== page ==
Icaros: A flying workout 2

Icaros: A flying workout



07.10.2019 15:06

Icaros: A flying workout

The German University of Sport has investigated whether full-body exercise in virtual reality is suitable for training and therapy.

Epidemiological studies show significant coincidences between sitting time and the incidence of chronic diseases. This applies to both children and adolescents. Lack of motivation is one of the biggest obstacles to physical activity. The solution could be Icaros: a flight simulator that, combined with strenuous effort, promises fun while keeping you engaged.

Icaros is a training device that makes the classic forearm (board) exercise more dynamic because it is flexible. The motion sensors on the swinging metal frame detect the direction of the user lying horizontally in the device in a prone position – and translate them into virtual reality (VR). A pair of VR glasses and a large screen make you feel like you're really flying. "Ideally, Icaros can be used in prevention and rehabilitation because both in prevention and in motion quality therapy, it is a key part of effective, health-conscious strength training," says the study leader. Boris Feodoroff, a scientist at the Movement-Oriented Institute for Exercise and Prevention and Rehabilitation.

He and his team had 33 men (all under 30, BMI below 25, between 170 and 190 cm tall) who flew twice every five minutes to discover what effects a VR-based training system had on their cardiovascular system and which has the potential for effective endurance training. Other points of attention were symptoms of cirrhosis (motion sickness), perceived exertion, and factor in the respondent's amusement.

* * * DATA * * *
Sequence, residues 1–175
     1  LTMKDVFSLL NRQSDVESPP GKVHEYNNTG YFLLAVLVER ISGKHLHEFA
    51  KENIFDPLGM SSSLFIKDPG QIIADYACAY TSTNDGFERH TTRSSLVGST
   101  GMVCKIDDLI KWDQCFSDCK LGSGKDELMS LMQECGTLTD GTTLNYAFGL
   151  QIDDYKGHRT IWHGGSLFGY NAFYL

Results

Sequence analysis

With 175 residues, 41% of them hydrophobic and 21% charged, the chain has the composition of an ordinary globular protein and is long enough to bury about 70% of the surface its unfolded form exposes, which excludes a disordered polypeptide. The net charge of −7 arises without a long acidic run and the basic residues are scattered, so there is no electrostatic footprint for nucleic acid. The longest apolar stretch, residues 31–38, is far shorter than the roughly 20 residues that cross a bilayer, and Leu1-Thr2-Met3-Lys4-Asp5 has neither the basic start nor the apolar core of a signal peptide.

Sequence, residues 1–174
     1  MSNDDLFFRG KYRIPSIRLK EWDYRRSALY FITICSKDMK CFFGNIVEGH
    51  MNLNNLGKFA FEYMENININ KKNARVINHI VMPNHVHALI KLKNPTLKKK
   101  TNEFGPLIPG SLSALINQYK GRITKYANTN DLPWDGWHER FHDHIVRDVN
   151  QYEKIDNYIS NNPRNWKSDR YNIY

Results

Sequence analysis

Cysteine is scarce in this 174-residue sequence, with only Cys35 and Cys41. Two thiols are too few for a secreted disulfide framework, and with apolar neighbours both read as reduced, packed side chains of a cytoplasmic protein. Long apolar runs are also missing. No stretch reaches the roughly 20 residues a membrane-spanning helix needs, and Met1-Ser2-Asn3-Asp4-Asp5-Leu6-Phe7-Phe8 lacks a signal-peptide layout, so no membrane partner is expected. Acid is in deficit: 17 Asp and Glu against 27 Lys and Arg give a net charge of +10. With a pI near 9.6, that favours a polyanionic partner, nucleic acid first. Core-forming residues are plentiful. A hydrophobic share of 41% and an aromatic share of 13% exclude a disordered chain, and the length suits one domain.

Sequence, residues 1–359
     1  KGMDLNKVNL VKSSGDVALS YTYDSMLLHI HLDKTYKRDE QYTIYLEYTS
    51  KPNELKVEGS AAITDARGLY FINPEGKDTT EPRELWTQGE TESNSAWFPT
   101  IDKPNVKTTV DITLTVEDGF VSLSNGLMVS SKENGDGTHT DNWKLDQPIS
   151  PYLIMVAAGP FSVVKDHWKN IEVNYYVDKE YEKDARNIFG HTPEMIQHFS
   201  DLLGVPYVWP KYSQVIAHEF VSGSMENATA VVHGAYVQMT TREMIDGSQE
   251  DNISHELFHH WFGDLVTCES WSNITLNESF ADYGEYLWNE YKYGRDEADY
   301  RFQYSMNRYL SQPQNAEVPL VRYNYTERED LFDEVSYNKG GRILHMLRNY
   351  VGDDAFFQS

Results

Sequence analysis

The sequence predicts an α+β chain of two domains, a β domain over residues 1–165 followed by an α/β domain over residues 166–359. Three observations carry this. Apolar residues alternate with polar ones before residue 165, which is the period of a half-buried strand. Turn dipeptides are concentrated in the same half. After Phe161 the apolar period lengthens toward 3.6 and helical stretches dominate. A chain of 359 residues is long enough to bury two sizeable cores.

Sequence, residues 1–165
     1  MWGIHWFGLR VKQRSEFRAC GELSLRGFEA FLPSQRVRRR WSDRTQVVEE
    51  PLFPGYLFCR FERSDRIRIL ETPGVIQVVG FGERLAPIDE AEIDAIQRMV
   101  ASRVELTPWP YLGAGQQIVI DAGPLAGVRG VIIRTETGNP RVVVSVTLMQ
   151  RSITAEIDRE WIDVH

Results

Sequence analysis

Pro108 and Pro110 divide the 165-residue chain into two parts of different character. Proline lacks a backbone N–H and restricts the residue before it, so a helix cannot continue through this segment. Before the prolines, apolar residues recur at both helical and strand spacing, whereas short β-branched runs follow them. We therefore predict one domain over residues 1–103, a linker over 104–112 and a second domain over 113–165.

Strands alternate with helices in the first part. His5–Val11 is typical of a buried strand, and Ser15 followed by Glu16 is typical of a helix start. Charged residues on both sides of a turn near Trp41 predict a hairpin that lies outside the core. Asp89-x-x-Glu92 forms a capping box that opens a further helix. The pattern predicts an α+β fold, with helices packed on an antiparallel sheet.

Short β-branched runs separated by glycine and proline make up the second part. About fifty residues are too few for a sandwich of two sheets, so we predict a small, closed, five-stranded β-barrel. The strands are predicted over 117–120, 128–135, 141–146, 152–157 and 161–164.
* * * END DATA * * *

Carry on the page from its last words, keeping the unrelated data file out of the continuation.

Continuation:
Subjects flew above mountain ranges and needed to move through 63 rings, which required a change in their body focus. They then used questionnaires to explain their mental, physical, and emotional burdens. During the simulation, heart rate, muscle activity, and movement of the device were continuously recorded. Eight participants had to interrupt the experiment due to signs of nausea or discomfort that indicated mobility.

After evaluating the results of the remaining respondents, it can be stated that the participants considered the flights very comfortable, although they described them as physically demanding. Dorsal muscle chain (neck, shoulders, back) activated – basic strength training possible. For all other muscle groups studied, the average activity was below 30 percent, which only mobilizes the muscles. Heart rate remained within a low level of aerobic intensity (maximum 110 bpm). Icaros does not seem to offer cardiovascular benefits compared to conventional training. "Future whole-body concepts should focus on increasing dynamic muscle activation," concludes scientist Feodoroff. The most important finding from the Icaros trial, however, is that the new training system encourages stimulating physical activity. Everybody wants to fly. And this longing could be the vehicle people move. Feodoroff: "Motivating the public to exercise is probably one of the most important and difficult tasks in the health sector. Gamification of physical activity can not only contribute to physical activity motivation, but also promotes social contact and interaction."


Scientific contact:

Dr. Boris Feodoroff
Motion-based Institute for Exercise Therapy and Prevention and Rehabilitation
b.feodoroff@dshs-koeln.de
Tel .: +49 221 4982-4570


Original issues:

https://games.jmir.org/2019/3/e12324/


Further information:

http://www.dshs-koeln.de/pressemeldungen


Features of this press release:

Journalists, teachers / students, students, business representatives, scientists, everyone
Nutrition / Health / Nursing, Information Technology, Sports Science
nationwide
Research results, scientific publications
German